Rogue employees and data breaches – when is an employer liable?06/04/20
The Supreme Court has determined that an otherwise blameless employer should not be vicariously liable where a rogue employee stole HR information relating to colleagues, as part of a vendetta against his employer.
In Morrisons v Various Claimants, about 9,000 staff had brought a group claim against their employer, Morrisons Supermarkets. This was after an aggrieved employee Mr Skelton (who had legitimate access to their payroll information as part of his work), made a second copy of the payroll data and put it on the dark web a few months later, so as to leave the staff vulnerable to identity fraud. Mr Skelton was arrested and sent to prison for offences under the Computer Misuse Act.
The Courts originally held that Morrisons had sufficient security arrangements in place (and so did not have any direct liability to the employees arising from the theft), but that Morrisons should be responsible for Mr Skelton’s actions because of the circumstances in which they arose. The employees were seeking damages under the Data Protection Act; whilst these would have been relatively low value claims at an individual level, multiplied across 9,000 staff involved in the group litigation, the total value could have been significant.
The Supreme Court has now held that, in light of all the factors, Mr Skelton’s actions were not so closely connected with the acts which he was authorised to do as part of his job that it could fairly and properly be regarded as done by him while acting in the ordinary course of his employment. Morrisons therefore was not vicariously liable for his actions. In particular, the Court found his work at Morrisons only provided Mr Skelton with the ‘opportunity’ for the wrongdoing, and the fact that he was pursuing a vendetta against his employer was important.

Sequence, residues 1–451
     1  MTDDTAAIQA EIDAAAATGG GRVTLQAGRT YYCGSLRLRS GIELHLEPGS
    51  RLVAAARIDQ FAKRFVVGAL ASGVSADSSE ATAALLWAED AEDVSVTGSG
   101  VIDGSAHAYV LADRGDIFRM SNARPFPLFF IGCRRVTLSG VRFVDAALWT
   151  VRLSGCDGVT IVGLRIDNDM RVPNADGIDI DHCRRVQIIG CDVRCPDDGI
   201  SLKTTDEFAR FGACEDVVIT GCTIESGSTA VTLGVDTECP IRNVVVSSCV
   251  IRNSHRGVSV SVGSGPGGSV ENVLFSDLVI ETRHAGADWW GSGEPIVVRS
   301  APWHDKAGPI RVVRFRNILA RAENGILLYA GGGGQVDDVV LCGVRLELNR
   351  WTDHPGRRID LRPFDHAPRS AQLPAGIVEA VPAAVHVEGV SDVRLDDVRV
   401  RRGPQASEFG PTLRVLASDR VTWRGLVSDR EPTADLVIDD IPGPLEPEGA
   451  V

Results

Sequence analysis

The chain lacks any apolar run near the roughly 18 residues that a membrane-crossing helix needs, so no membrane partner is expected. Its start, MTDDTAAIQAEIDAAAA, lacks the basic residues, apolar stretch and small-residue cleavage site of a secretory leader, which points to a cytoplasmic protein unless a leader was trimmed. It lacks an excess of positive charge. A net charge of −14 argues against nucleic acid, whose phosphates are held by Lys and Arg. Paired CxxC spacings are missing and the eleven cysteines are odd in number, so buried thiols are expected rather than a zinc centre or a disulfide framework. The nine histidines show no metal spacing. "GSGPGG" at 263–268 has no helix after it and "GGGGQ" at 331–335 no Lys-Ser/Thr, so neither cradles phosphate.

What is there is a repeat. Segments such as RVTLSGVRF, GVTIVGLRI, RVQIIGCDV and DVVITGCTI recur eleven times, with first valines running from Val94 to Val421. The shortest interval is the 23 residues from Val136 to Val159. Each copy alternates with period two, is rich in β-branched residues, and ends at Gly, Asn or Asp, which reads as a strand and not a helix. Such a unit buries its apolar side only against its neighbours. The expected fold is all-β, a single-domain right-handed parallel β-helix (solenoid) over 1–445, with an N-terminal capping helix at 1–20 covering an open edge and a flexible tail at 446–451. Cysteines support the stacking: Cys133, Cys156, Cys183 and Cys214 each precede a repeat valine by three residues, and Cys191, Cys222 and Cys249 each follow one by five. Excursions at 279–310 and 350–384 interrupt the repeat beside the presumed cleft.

At a headline level, this case will be welcome for employers faced with the actions of rogue employees leaving their organisation open to data protection claims.
However, there are a number of important points for organisations to take away:
- An employer still needs to have appropriate security measures in place, to satisfy its own obligations under data protection law as a data controller. Organisations should keep their security arrangements under review based on the information they hold and the risks they face. The security measures should be documented and tested, and employers should ensure they are consistently followed;
- Where an employee is processing data solely on behalf of their employer, rather than ‘on a frolic of their own’, the employer will be subject to direct liability. If Mr Skelton had (for instance) negligently lost the information by sending a legitimate copy of the payroll information to an unintended recipient via an unencrypted USB stick in the course of his work (rather than deliberately setting out to making an illegitimate copy to harm his colleagues and Morrisons), Morrison’s could have been responsible for that.
- The Court said that data protection law did not provide for a blanket exclusion of the vicarious liability principle, even in the case of rogue employees. Depending on the facts vicarious liability could still be imposed.
You can read a copy of the judgment here.
How Capsticks can help
Our information law team and claims lawyers are experienced in handling data breaches and cases arising from the loss of sensitive information, as well as broader issues around information governance and risk management. For more information speak to Andrew Latham, Peter Marquand, Anna Walsh or Majid Hassan